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How to Set Up a Cascade of Bottles Hydroponic Garden


Some of the best modern hydroponic designs involve using recycled materials to create something brand-new out of something old and otherwise useless. Ever think about all those 20-ounce soda bottles cluttering up your recycling can? Turns out these can be raw materials for a hydroponic system that works well and allows you to practice sustainability in more than one way.

Here are some basic steps for building a cascade of bottles hydro garden.

In a lot of cases, you'll need bottles with the caps on them. You also need them to be in relatively clean condition. You may not be able to use bottles that have some gunk or sludge accumulated in the bottom of the bottle. Finding an innovative way to clean the bottles you have will put you ahead of the game.

Choose the Structure

Many growers will choose to orient bottles against a vertical wall, but you can also hang the bottles on strings in a cascading line hanging down. Either of these will work, and other configurations are possible too, for instance, dangling bottles on a diagonal. It's all about how you want to situate plants to give them the resources they need to thrive.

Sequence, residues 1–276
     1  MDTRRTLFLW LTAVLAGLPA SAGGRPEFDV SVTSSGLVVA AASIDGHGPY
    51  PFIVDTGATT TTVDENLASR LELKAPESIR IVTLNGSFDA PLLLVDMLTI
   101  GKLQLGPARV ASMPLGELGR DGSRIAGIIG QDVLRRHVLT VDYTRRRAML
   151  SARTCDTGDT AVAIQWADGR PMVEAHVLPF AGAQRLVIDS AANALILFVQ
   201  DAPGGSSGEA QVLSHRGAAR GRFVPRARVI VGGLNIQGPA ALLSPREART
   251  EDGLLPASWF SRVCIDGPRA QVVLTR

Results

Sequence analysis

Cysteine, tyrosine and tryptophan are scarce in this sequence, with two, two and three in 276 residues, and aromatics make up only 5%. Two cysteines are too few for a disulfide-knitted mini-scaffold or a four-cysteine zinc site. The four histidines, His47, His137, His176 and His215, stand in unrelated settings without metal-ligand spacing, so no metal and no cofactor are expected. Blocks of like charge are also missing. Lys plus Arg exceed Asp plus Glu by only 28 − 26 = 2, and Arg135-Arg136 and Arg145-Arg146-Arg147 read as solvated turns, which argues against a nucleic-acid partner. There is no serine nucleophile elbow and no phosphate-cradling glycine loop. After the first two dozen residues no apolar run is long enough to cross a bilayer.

Create Access Holes

You’ll also need to create areas on the bottle that plants can sit in. One common way is to simply hollow out one side of the bottle and have that be the top. With the hanging design where bottles are situated vertically, the mouth of the bottle can serve as an irrigation drain. In this case, plants can be practically enclosed in plastic with just a few air holes to allow them to breathe.

Route Irrigation Tubing

In a cascading bottle design, your irrigation tubing is going to run down from one bottle to the next. In most cases, you’ll be routing the tube through the actual bottles, making sure that the bottle structure will hold water in place while it's feeding plant roots.

Situate Reservoir and Pump

To make one of these gardens effective, you’ll need a reservoir to hold water when it’s not in use, and a well rated, quality pump to get the water up to the top. Find a place to put these on the ground or somewhere near the garden.

These are just some basic steps to creating your own innovative bottle gardens. As a hobbyist, you’ll be the talk of town, and these types of designs can also serve well in some types of commercial operations, although a lot of commercial growers prefer to use more professional looking equipment.

For more on hydroponics and everything that goes with it, keep reading Dealzer’s website as we go over some of the top trends in hydroponic growing.

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